This is part 1 of our 3-part series on the history of the Coroner’s Court:
In session at the old Coroner’s Court with Glen McDonald, former Chief Coroner and Judge, presiding over an inquest.
Written by Sheena Koo
One of The Vancouver Police Museum’s biggest claims to fame is the fact that it was once the city’s Coroner’s Court and Autopsy Suite. Many bodies have lain on the cold steel tables that are still on display in the Autopsy Suite, and many more have waited patiently in the quiet, refrigerated refuge of the morgue—also still on display, heavy metal doors, pull-out body trays and all.
But what about the Coroner’s Court? What purpose did it serve?
To understand the purpose of a Coroner’s Court, you must first understand the formal procedures that occur after unnatural, unexpected, unexplained or unattended deaths in BC. They are as follows (via the BC Coroner’s Services website):
All deaths that are unnatural, unexpected, unexplained or unattended must be reported to a coroner. Upon receiving a report of a death, the coroner begins an investigation, which proceeds in one of three ways: Natural Death, Coroner’s Investigation or Coroner’s Inquest.
If, after reviewing the circumstances of death and speaking with the personal physician, the coroner determines that the death was due to natural causes, the coroner will contact the personal physician of the deceased to obtain information on medical history. If it is confirmed that the death is natural, the responsibility for completing the medical death certificate remains with the physician, and no further investigation from the Coroners Service is required….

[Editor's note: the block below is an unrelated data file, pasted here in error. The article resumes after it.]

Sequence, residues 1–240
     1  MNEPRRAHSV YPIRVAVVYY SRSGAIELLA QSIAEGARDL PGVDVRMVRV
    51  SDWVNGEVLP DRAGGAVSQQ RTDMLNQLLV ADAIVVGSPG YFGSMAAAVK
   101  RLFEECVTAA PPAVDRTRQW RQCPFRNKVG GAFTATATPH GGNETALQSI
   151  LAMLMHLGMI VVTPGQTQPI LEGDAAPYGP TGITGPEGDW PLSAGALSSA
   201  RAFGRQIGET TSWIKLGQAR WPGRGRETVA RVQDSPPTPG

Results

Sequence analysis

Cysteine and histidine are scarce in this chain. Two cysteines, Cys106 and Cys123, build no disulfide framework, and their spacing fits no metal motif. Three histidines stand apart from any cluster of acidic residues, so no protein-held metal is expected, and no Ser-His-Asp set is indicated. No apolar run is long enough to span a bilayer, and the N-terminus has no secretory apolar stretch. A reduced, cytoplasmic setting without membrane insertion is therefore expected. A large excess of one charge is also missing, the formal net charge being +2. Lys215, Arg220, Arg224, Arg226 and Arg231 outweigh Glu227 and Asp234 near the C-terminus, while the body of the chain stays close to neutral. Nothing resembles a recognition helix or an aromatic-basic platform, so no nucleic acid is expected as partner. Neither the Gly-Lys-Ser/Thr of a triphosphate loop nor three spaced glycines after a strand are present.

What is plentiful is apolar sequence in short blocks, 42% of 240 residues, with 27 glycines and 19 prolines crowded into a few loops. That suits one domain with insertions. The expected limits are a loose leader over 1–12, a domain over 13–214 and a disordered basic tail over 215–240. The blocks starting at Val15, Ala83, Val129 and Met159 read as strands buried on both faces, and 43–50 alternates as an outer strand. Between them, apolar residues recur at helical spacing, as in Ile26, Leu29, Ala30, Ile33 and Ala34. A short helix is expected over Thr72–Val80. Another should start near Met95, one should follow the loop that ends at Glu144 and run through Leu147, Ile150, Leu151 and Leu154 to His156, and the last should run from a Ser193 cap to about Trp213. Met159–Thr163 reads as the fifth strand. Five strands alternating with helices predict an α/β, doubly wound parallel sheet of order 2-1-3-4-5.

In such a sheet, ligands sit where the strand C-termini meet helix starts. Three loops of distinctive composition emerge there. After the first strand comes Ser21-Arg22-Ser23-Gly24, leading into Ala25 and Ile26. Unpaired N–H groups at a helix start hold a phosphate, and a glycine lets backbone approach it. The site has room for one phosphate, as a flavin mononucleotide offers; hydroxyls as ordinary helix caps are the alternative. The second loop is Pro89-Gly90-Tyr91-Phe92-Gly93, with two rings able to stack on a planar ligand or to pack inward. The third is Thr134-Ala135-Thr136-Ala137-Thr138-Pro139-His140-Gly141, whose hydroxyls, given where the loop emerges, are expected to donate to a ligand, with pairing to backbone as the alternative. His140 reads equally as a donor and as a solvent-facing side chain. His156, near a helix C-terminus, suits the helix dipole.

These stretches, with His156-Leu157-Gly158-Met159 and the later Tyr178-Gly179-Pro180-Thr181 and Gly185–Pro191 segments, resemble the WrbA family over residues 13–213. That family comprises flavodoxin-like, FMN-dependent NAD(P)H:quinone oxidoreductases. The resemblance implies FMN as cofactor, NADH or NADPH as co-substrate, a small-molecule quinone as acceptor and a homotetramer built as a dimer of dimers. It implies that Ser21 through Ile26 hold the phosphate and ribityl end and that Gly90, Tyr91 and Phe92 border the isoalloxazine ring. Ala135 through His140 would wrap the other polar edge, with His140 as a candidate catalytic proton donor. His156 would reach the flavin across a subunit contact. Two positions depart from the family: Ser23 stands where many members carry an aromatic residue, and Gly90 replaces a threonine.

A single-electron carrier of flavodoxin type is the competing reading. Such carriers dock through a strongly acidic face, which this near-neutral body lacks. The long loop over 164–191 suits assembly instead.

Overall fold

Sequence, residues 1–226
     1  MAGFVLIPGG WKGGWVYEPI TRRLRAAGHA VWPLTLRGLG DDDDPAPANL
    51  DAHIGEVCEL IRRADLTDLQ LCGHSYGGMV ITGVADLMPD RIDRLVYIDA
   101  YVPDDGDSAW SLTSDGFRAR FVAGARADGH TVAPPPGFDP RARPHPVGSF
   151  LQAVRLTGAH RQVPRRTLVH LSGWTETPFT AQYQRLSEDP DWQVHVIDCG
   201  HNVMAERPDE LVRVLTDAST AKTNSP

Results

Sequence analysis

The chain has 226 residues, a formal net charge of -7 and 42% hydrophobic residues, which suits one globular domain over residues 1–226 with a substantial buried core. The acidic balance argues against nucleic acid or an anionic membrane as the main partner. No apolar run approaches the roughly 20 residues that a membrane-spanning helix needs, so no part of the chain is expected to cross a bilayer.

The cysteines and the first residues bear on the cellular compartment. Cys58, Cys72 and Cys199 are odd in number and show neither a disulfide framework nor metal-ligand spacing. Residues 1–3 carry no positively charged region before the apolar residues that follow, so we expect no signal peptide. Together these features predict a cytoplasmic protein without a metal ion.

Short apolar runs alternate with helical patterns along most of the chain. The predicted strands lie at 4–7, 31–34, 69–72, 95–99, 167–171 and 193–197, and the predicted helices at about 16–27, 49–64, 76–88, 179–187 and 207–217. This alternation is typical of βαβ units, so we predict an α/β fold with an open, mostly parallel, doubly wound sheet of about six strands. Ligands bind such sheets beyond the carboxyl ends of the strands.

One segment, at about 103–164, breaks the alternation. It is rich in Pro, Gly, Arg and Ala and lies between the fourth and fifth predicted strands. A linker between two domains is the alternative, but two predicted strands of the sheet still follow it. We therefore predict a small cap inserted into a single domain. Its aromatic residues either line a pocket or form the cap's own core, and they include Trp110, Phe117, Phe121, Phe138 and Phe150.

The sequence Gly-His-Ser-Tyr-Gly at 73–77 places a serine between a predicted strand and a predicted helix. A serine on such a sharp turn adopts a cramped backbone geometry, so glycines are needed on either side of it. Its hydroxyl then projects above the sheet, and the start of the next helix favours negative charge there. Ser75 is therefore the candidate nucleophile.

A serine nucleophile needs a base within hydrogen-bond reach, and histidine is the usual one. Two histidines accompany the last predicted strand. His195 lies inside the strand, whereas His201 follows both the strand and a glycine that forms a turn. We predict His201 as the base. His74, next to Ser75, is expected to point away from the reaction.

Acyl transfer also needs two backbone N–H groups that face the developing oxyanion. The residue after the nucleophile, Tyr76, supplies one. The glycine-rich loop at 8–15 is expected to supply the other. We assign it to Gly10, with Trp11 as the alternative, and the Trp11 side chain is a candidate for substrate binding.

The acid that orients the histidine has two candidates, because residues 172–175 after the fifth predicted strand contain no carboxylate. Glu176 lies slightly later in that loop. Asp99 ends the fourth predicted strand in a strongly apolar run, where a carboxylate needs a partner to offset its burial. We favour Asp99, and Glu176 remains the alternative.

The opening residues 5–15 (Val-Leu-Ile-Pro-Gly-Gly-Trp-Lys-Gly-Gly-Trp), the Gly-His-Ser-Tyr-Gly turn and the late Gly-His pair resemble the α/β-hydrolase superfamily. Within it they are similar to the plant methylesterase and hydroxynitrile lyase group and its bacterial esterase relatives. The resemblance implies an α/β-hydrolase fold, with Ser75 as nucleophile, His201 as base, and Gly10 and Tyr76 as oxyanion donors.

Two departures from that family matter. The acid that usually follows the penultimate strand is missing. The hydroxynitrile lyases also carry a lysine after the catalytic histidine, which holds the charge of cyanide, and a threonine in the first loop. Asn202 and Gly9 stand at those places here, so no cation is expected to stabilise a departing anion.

An investigation is conducted and a coroner’s report is written. When a death is reported to the coroner, he/she has the authority to collect information, conduct interviews, inspect and seize documents and secure the scene. Upon conclusion, the facts as determined by the investigation are released in a report. It sets out the coroner’s findings, including a cause of death and whenever possible, recommendations to prevent future deaths….
Inquests are formal court proceedings, with a five-person jury, held to publicly review the circumstances of a death. The jury hears evidence from witnesses under subpoena in order to determine the facts of the death. The presiding coroner is responsible to ensure the jury maintains the goal of fact-finding, not fault-finding. Once an inquest is held, a Verdict at Inquest is written….
This particular Coroner’s Court was built in 1932, and, back in its active days, looked as it should have—like a small courtroom. If there were ever any inquests to publicly review the circumstances of a death, subpoenaed witnesses and a small jury would sit in the room and help the Coroner ‘fact-find ‘not ‘fault-find‘ the details behind the death.